The Real Survival Status of Apple Suppliers: On one hand, they are subject to Apple's stringent demands and may face ruthless elimination at any time. On the other hand, if they can hold on, they can reach the pinnacle of the world with a technological advantage that leads the market.
Apple represents the transition from 0 to 1, while its suppliers represent the transition from 1 to 100.
Many attribute Apple's success to Steve Jobs' technological vision and design talent, but everything could be an illusion without a robust supply chain.
In 1996, when former Apple CEO Michael Spindler was removed from his position due to various issues, including supply chain-related problems, media evaluations of him were as follows: "Apple has a top-rated product but cannot deliver it to customers. What could be worse than that?"
Apple is well aware of the importance of the supply chain. Steve Jobs recruited supply chain expert Tim Cook, who had worked at IBM and Compaq, to lead a radical reform. This led to Apple's "heavy selection, heavy management, light elimination" strategy for suppliers. A dedicated team evaluates suppliers comprehensively, and it's not easy for a company to enter Apple's supplier list. Once in, Apple doesn't easily remove them.
To illustrate the relationship between Apple and its suppliers, you can think of it as a "teacher" and "students" analogy: "Apple is like a strict high school teacher. When the teacher finds that some students are falling behind, they may push those students to the back of the class but won't expel them from the class."
Technology can roughly be divided into two categories: innovation and replication.
From 0 to 1, this is what R&D does, and it's what Apple is currently doing and excelling at. Being included in Apple's supplier list means that a company can meet Apple's technical requirements, such as product specifications and parameters.
From 1 to 100, it's what suppliers do regarding production processes, and ultimately, it's about yield rate. The high production volumes of star products like the iPhone, iPad, and iMac are primarily due to Apple's strict control of yield rates, which has made Apple famous for its stringent demands in the industry.
Yield rate is crucial! Under high pressure, there is polarization.
In October 2013, Apple partnered with sapphire screen supplier GT Advanced Technologies. During the collaboration, Apple kept changing the product specifications for sapphire, even rigorously reducing production costs. However, GTAT needed to produce many high-yield sapphire screens within a specified timeframe. In the end, GTAT couldn't bear the burden and had to shut down its factory.A similar story happened with touch screen manufacturer Wintek. Wintek was once the world's second-largest touch panel manufacturer and the largest supplier of touchscreens for the iPhone 4. However, when Apple began using new in-cell touchscreen technology for the iPhone 5, Wintek faced challenges adapting to the change.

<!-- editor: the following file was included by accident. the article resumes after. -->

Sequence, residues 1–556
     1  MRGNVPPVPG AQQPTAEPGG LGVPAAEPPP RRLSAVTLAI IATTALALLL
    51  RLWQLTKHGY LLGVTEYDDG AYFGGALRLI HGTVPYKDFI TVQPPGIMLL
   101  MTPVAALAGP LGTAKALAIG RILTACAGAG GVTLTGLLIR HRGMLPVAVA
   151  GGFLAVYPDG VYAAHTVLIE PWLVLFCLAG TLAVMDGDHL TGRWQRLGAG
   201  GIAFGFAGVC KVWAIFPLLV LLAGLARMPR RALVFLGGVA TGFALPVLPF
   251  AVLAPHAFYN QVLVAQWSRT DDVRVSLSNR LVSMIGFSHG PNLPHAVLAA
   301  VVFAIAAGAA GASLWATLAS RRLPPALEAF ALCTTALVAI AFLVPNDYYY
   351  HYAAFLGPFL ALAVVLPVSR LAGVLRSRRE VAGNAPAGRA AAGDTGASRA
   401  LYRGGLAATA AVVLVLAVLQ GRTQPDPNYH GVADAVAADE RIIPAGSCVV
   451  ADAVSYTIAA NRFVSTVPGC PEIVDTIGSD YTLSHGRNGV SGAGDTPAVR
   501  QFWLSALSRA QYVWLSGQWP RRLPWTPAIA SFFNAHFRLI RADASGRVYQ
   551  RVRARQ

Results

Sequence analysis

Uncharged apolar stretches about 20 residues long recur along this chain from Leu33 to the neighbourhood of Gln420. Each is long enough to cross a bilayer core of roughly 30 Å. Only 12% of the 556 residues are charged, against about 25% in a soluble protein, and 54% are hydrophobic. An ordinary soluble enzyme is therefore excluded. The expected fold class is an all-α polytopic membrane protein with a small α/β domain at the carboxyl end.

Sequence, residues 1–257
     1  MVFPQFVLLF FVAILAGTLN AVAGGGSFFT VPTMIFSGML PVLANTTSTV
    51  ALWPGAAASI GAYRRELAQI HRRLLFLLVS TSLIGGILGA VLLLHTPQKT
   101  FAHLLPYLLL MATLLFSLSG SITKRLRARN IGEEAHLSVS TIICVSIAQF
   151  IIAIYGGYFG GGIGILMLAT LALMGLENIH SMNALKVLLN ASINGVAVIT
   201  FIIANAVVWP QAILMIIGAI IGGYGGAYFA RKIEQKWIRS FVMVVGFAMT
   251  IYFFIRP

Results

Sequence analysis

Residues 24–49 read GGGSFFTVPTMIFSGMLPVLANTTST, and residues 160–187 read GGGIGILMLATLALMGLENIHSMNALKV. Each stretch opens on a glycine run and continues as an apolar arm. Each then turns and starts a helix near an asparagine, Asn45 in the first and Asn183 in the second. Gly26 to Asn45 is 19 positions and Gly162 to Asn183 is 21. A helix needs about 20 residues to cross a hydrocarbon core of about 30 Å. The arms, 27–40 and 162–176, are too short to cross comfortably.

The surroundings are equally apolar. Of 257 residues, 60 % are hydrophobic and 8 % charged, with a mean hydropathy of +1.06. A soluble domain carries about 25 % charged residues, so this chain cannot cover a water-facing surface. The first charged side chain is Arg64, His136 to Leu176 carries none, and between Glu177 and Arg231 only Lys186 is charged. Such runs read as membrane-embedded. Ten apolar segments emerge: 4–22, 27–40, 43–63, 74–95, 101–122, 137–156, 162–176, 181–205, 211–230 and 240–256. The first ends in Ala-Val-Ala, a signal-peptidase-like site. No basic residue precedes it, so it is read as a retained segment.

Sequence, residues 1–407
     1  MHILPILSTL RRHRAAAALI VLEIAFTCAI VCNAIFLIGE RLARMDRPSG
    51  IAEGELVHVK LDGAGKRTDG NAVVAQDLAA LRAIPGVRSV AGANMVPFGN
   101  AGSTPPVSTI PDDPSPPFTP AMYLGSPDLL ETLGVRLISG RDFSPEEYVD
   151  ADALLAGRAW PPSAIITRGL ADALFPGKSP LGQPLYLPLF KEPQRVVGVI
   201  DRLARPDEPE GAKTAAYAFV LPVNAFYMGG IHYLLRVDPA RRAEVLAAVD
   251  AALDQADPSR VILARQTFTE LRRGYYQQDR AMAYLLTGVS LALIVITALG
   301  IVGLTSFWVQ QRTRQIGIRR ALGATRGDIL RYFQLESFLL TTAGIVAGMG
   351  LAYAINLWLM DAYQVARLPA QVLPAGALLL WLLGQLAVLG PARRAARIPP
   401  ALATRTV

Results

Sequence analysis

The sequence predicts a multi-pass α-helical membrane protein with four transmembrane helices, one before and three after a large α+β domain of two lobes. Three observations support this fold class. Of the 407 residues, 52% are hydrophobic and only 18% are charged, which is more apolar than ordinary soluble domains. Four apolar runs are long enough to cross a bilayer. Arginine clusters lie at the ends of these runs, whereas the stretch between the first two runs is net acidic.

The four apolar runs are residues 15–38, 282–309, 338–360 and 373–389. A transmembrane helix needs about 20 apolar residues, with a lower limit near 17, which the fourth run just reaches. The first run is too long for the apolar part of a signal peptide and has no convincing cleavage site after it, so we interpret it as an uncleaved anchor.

Despite making substantial capital investments to expand production lines, Wintek Technology struggled to adapt to the new technology. This led to a significant debt burden. Their challenges came when the entire touchscreen display industry faced severe overcapacity, making Wintek one of the earliest casualties.
When a supplier loses its position with Apple, the impact can be catastrophic for the business. Given this high-pressure environment, one might wonder why Apple suppliers persistently comply with the company's demands and are hesitant to part ways.
Being a part of Apple's supply chain is often perceived as a guarantee of success. This belief is deeply rooted, as demonstrated by the history of Foxconn, also known as Hon Hai Precision Industry Co., Ltd. Every manufacturing company aspires to secure orders from Apple.
Many suppliers have evolved into global frontrunners with Apple's backing. I came across a list titled "Top Ten EMS (Electronics Manufacturing Services) Companies in the World in 2020," more than half of these companies are integrated into Apple's supply chain. Their association with Apple has brought them considerable benefits and growth.